He eventually rented a facility 17 miles away in Powellsville but is now trying to move the school back to Windsor.
McQueen also accused Bazemore of withholding student records and school buses, as well as conducting a misinformation campaign, telling parents that the free public charter required tuition payments.
The trouble in Windsor wasn’t the only management challenge McQueen faced last school year.
About 240 miles west of Windsor, in the Rowan County town of East Spencer, McQueen’s management agreement with Essie Mae Kizer Foxx Charter School unraveled after only one year.
School leaders accused Torchlight Academy Services (TAS), another management firm owned by McQueen, of poor fiscal and operational management.
Essie Mae officials said TAS failed to account for expenditures, pay its operating costs, follow policies, rules and regulations, and adhere to the curriculum adopted by the school’s governing board.
The SBE allowed the school to dissolve the management arrangement with TAS, but there is an ongoing disagreement about the cause of the breakup.
McQueen has said very little about the split publicly. But in a letter to Dave Machado, director of the Office of Charter Schools and the SBE, he accused the Essie Mae board of “meddling” in day-to-day affairs, refusing to trim school staff to keep the budget in line and of being “unduly” influenced by Kenneth Fox, the brother of Tina Fox-Wallace, chairwoman of the school’s board of directors.
McQueen noted that Kenneth Fox, also a member of the school’s board of directors, has a criminal record. Kenneth Fox, the former mayor of East Spencer, was convicted of multiple counts of wire fraud while serving as mayor.
McQueen said the board did not go through proper channels to add Kenneth Fox.
As was the case at Three Rivers, a tumultuous school year did not bode well for students at Essie Mae.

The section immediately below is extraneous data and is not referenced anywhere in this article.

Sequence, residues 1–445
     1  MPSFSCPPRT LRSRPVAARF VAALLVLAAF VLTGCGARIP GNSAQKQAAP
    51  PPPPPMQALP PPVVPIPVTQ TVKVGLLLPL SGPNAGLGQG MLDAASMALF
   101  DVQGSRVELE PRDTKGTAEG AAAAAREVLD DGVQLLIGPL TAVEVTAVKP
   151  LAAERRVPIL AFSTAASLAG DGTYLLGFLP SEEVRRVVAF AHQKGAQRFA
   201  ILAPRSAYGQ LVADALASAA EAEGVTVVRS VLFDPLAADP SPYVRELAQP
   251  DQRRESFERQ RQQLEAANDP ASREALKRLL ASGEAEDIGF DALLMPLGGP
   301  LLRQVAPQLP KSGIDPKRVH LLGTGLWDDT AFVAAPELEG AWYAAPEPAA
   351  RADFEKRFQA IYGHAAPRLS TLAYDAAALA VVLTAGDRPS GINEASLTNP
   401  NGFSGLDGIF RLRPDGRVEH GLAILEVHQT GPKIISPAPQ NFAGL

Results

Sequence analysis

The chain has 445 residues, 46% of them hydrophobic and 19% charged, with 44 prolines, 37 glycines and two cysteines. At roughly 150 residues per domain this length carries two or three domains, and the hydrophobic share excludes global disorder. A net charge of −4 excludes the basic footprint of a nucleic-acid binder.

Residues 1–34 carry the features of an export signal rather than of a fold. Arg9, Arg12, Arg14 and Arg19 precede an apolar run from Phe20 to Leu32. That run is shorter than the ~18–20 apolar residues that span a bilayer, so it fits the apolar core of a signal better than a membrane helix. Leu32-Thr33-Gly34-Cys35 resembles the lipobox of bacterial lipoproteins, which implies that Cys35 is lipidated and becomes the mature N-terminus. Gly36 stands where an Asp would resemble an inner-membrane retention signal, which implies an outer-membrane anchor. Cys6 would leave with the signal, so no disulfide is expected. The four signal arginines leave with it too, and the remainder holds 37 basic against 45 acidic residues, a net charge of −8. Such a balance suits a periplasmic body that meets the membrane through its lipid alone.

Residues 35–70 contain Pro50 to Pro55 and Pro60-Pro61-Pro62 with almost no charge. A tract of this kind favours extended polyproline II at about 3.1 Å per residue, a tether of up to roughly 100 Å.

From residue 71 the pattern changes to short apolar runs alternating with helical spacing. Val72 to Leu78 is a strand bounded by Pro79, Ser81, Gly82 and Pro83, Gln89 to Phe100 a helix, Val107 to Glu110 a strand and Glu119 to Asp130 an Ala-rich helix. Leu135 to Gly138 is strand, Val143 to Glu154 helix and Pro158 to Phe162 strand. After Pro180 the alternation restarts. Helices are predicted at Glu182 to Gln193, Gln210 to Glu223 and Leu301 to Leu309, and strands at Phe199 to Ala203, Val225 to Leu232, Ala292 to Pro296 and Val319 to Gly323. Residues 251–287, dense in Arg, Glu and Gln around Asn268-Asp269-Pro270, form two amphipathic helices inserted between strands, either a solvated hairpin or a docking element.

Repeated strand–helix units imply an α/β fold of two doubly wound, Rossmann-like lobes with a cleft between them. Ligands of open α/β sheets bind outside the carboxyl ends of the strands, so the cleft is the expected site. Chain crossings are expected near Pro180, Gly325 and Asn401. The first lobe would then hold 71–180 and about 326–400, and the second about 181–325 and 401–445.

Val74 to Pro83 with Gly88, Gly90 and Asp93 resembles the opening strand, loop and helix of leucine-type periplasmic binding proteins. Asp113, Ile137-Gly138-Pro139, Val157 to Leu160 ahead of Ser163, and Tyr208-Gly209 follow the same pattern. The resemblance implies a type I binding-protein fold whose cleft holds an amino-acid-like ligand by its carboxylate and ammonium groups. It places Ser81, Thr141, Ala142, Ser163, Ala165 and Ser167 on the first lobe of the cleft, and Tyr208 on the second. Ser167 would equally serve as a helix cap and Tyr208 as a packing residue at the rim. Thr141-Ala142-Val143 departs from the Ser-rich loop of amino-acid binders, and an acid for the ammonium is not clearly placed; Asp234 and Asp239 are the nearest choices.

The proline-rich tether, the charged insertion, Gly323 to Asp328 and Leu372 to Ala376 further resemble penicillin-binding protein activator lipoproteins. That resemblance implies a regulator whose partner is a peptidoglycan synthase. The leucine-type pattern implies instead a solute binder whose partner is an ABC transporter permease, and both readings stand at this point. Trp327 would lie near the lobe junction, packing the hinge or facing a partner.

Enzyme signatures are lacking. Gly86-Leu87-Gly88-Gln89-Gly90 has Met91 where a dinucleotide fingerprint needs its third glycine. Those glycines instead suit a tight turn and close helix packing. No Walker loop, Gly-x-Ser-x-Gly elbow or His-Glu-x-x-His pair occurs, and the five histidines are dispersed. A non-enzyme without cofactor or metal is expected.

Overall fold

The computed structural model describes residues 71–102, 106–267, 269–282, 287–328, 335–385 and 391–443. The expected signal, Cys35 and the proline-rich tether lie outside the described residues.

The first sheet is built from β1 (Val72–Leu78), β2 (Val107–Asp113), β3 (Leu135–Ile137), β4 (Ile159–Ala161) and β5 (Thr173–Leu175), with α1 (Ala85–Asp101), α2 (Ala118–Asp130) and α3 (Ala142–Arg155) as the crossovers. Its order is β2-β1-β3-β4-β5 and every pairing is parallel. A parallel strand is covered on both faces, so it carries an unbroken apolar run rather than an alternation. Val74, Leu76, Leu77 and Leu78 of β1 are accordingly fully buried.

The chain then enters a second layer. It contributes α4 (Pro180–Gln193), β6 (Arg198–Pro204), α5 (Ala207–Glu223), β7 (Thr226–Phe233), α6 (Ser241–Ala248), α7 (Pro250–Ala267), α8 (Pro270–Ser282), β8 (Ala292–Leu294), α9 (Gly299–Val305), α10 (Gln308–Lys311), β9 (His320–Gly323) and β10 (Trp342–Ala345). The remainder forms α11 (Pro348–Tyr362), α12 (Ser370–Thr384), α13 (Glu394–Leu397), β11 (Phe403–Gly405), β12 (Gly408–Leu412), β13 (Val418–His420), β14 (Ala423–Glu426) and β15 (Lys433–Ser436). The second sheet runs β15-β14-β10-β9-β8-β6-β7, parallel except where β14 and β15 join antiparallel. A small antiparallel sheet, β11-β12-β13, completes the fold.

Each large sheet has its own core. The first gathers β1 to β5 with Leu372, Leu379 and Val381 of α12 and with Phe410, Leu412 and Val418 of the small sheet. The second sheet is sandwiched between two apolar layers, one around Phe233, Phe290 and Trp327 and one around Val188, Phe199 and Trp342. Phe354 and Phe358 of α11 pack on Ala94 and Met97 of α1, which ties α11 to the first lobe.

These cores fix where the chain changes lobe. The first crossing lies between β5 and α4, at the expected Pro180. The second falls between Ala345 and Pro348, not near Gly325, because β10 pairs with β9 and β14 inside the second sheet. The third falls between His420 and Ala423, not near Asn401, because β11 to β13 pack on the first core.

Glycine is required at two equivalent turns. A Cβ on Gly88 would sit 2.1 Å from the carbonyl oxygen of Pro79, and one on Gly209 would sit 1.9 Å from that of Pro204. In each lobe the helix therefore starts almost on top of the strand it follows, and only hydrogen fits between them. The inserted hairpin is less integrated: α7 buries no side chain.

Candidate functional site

Although the school did meet growth goals, it earned an “F” letter grade from the state and only 10.9 percent of students were deemed proficient in reading and mathematics. Overall, 42.5 percent of students in the Rowan-Salisbury Schools, where the bulk of Essie Mae students were drawn from, were proficient in reading and math.
Alex Quigley, chairman of the CSAB, noted McQueen’s record at Torchlight Academy where he turned a struggling school into a successful one. But like his colleagues, Quigley wonders if McQueen is taking on too much.
“You’re not Charter Schools USA,” Quigley said. “You don’t have a giant back office behind you. You started this with two partners and now you’re doing this solo.”
He said CSAB will be watching closely as applications for new schools managed by McQueen make their way through the approval process.
“It’s going to be hard to bring any of those applications forward without saying, ‘Can you take a pause for a year and get everything squared, get the new school open, get Three Rivers working right and take up another set of applications, or consider another school in a year?’” Quigley said. “It’s very concerning to me.”
McQueen said he’d be willing to walk away from new charters he’s been hired to manage if his presence hinders their progress.
“I understand the concern,” McQueen said. “I’ve told all the schools I’m working with now that if I become an albatross to your getting through this application, I can tear up your contract right here. I don’t want any school not to be open because of something we’re not doing.”